My legs were in recalcitrant mood today.  We ain’t going far, they seemed to say as I got out of the car in Cropston.  I planned to walk around the reservoir and maybe a bit further afield but the legs put their feet down and said nope, no way nohow.  No siree.  Jus’ round the reservoir an’ that’s all (for some reason my legs have a Southern US accent, don’t ask me why.)  When you stop to think about it your legs do an awful lot: I was noticing how quickly they bend and straighten, locking the knee every second or so, and that’s at around three miles per hour.  And they do it over and over without complaining – until one day they’ve just had enough.  Well, I respect my legs, so I said OK then, round the reservoir it is.  And it was.  The path leads on from a tiny cul-de-sac at the top of Cropston village and winds through fields towards the reservoir.  I walked through acres of broad beans which had been burnt: this made me very sad as they were probably destroyed due to their small size – I split open a pod and saw some small and very sad beans inside.  Mine haven’t done much better: after producing a few decent pods they were hit by the drought and gave up the ghost.  Tomatoes have been good though… but I digress.  After a while the path seems to give up trying to find the reservoir and instead leads into Bradgate Park with a nice view of Lady Jane Grey’s house.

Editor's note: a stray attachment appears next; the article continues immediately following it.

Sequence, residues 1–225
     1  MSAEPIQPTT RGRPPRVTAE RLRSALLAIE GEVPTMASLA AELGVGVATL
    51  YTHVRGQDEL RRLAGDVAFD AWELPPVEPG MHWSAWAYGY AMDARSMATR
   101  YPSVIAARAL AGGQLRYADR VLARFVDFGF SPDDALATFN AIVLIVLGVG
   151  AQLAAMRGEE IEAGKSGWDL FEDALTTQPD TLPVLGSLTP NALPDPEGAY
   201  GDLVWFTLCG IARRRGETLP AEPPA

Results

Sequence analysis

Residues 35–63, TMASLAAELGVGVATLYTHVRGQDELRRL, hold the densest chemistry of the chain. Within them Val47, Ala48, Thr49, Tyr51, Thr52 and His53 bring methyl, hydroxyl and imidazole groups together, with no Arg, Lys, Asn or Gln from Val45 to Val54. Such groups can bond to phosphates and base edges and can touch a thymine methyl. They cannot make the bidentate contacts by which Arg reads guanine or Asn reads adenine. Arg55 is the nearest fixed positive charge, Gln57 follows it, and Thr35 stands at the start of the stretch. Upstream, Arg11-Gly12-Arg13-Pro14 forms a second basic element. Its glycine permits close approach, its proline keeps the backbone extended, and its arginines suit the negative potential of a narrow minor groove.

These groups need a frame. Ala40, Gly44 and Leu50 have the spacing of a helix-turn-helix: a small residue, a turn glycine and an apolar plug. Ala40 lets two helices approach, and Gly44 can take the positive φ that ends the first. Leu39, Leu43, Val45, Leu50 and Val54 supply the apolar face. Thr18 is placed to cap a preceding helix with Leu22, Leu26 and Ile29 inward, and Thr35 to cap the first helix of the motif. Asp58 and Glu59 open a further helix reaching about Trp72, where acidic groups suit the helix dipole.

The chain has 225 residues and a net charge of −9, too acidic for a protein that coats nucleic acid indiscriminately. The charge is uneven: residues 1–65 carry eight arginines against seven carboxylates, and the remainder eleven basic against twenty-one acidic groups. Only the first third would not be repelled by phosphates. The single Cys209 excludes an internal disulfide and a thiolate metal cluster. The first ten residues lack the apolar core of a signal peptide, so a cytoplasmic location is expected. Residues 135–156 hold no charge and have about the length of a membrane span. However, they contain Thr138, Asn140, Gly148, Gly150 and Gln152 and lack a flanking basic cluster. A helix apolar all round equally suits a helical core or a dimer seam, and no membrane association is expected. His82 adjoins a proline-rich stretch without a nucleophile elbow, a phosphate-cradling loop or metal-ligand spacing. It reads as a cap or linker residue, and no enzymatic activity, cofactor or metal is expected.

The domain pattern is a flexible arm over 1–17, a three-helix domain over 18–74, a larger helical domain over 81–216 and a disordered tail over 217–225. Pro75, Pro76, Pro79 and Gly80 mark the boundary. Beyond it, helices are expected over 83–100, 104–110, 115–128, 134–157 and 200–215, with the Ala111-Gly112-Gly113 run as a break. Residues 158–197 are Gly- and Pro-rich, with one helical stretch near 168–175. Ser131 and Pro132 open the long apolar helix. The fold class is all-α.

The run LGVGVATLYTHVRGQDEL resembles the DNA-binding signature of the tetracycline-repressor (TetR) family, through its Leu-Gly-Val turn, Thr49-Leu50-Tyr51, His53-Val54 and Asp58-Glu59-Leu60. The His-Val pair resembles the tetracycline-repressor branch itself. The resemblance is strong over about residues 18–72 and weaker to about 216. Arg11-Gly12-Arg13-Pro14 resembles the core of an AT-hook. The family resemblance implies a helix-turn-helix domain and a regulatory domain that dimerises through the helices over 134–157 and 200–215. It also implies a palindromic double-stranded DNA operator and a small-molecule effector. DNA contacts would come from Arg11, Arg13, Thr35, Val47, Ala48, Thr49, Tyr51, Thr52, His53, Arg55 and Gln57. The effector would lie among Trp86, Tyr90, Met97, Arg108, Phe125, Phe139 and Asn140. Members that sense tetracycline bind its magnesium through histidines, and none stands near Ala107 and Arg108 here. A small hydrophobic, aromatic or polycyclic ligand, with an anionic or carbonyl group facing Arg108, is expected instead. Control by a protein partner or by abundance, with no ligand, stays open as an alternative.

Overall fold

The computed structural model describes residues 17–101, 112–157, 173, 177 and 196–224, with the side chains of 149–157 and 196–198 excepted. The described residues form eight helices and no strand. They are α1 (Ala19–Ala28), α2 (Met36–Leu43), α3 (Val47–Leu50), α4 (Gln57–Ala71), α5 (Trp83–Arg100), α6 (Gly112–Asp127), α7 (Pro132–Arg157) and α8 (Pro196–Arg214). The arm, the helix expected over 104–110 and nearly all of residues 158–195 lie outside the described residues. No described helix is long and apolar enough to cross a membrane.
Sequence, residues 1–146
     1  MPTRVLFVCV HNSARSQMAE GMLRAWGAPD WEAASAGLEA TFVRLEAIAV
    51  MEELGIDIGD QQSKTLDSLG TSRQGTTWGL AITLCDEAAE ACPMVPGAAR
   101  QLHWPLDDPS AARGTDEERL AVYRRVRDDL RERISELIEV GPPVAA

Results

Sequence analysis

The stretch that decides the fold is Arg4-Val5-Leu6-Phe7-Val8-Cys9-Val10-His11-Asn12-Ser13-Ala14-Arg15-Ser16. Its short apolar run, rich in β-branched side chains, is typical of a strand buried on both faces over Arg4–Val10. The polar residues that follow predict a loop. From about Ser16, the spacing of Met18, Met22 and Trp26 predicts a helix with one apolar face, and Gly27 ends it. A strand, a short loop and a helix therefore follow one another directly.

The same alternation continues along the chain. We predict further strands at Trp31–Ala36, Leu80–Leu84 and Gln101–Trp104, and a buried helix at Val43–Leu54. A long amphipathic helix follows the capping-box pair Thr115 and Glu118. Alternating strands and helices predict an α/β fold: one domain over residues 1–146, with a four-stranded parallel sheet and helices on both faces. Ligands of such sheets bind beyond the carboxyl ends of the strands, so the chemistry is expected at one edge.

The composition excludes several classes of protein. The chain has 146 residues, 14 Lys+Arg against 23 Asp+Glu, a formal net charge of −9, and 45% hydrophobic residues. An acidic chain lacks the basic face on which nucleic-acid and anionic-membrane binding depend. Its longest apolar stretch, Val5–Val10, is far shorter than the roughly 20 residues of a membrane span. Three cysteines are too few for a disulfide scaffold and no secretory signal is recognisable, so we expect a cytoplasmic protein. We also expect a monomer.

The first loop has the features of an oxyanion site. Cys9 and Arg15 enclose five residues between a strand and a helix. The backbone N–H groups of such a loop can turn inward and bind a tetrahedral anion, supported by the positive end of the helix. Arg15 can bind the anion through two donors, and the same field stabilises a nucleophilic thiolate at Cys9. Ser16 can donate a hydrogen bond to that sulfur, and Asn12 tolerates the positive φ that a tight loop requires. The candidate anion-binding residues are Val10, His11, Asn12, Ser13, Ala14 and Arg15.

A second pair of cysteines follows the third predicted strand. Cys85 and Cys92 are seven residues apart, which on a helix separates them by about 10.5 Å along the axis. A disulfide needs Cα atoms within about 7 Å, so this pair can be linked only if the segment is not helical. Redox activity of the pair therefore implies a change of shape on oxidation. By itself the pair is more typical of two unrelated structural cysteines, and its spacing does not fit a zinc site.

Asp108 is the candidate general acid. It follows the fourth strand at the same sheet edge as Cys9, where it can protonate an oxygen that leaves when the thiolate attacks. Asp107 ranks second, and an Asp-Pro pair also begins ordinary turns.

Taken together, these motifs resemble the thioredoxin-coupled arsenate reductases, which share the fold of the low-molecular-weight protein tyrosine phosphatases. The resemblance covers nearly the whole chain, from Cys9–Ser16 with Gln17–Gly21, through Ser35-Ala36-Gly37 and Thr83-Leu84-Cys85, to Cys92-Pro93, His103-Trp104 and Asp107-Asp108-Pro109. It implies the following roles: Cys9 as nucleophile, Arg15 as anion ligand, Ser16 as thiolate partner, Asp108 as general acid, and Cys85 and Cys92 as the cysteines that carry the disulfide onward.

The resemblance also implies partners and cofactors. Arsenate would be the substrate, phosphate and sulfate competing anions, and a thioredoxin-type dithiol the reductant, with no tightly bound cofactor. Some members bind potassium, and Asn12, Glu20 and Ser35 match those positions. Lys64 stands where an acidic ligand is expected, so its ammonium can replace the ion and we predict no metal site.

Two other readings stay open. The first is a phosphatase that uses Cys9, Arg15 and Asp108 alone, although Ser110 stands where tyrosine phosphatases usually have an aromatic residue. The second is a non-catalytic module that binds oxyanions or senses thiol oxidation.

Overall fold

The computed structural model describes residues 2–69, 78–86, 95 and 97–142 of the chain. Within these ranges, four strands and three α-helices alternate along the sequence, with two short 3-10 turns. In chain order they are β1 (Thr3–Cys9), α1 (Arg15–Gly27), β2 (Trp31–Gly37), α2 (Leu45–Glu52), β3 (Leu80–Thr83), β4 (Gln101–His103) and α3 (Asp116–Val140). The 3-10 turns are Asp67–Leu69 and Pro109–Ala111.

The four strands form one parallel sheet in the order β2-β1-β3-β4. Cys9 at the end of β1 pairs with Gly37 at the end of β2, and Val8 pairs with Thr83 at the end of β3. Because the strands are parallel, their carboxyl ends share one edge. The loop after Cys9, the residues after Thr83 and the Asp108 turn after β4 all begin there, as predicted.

It was time for a sit down and a cup of tea.  Alas, the stag I’d been admiring for a while decided to come and stand right behind my bench, causing all the passers-by to crowd round taking photos.


I decamped a little to a pillar-box viewing point by the other side of the reservoir from where I took this photo as I had my tea:


The view of the reservoir from the other side is very pretty; though you can’t actually get to the water you can get close enough to look at the birds.  After lunch and a rest I continued to the road which cuts across the head of the water, and so back to Cropston.  Not much of a walk but enjoyable.

Tomorrow I shall mostly be… resting.

Kirk out